FEBRUARY 23-24. 2006 6 ADAR 5767
"They shall make a sanctuary for Me so that I may dwell among them." (Shemot 25:8)
With the exception of the tragic incident of the Golden Calf, the rest of the book of Exodus is devoted to the preparation and the building of the Mishkan, the dwelling place of Hashem's Presence (Shechinah) in the desert. The Ramban explains that the redemption from Egypt was not complete with the physical departure from the land of enslavement. The revelation at Mt. Sinai was the goal of the redemption. But it wasn't complete even with the giving of the Ten Commandments. The spiritual goals were achieved permanently with the building of the Mishkan. The Ramban compares the different components of the Mishkan with the different components of the revelation at Mt. Sinai.
Rabbi Yonatan Eibshutz explains that the acceptance of the Torah by the Jews at Mt. Sinai was not total, and was acquired later by means of the service in the Mishkan. This is evident with the sin of the Golden Calf - that with their first opportunity to show their acceptance, they failed. What went wrong at Mt. Sinai? According to Rabbi Eibshutz, the Israelites had everything handed to them on a platter. They did not have to work for it, and therefore they took it less seriously. They would have to work for their Divine service. When they build the Mishkan, this would bring back the experience of the revelation at Mt. Sinai. Each would have to make a contribution, and not a fixed tax either. It must come from the heart.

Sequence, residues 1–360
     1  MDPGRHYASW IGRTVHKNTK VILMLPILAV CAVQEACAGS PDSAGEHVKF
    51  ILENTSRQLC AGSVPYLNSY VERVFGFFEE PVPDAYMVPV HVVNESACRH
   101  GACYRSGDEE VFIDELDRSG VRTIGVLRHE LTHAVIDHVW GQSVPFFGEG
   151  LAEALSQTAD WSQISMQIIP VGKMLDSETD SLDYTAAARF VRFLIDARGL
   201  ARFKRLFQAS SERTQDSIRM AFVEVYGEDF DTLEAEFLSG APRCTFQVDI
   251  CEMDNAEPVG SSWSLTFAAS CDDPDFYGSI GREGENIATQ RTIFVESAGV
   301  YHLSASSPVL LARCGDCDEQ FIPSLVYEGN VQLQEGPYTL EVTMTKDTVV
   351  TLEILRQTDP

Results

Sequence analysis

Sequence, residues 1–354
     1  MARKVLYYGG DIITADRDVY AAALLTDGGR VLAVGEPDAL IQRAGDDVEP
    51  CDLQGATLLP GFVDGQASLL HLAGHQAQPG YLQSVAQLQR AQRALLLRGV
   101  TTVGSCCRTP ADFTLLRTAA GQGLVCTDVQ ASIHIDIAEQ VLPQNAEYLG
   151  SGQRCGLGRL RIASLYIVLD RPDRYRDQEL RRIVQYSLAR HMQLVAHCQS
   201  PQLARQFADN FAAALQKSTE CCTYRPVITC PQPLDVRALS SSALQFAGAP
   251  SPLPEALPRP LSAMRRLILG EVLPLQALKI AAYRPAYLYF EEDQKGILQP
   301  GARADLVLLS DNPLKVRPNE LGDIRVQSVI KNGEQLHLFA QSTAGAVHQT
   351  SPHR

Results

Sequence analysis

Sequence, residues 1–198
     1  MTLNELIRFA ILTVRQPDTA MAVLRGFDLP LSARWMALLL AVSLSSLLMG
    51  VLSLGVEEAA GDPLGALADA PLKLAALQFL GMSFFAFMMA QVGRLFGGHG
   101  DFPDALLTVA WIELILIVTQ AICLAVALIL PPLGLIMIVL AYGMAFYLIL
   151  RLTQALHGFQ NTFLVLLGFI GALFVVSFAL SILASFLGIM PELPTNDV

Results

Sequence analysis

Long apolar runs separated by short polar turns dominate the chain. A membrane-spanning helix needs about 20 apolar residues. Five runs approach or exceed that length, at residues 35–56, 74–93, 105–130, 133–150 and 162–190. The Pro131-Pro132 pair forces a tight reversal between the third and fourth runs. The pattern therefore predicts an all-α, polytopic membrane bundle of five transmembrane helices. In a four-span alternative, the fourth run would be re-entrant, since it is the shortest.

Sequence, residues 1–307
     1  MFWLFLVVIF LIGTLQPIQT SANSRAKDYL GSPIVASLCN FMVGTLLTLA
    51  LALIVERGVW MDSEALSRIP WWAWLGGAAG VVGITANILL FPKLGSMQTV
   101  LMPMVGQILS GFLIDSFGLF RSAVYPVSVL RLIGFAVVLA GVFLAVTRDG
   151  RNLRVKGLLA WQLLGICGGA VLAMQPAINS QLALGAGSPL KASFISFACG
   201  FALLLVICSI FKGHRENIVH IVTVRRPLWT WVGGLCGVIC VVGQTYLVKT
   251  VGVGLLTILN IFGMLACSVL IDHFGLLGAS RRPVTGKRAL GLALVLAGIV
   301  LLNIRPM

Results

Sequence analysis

There is a lesson to be learned here. People often ask, "What can I get out of such and such a misvah?" The answer is clear. You can get out of a misvah only what you put into it. Years ago, our synagogue started in private homes in our neighborhood. It was great, yet as a long term solution, there was something missing. That something was a building dedicated to prayer - a shul. And a shul will only prosper to the extent that each member contributes to it - not just annual dues, but something more - a personal commitment to the shul's welfare.
As the world says, "Put your money where your mouth is." Of course, it's not always the money that counts. The investment of time, effort and dedication to a misvah is more important than money. Shabbat Shalom. Rabbi Reuven Semah
"Make Me a sanctuary and I will dwell in them." (Shemot 25:8)
The Midrash says on this pasuk that this is compared to a king who had an only daughter. Although he wanted her to marry, he couldn't bear to part from her. So he told his daughter, "Wherever you go, make me a room so I can be with you." So, too, Hashem said to the Jewish people, "Take my daughter, 'the Torah,' but make me a sanctuary to dwell amongst you."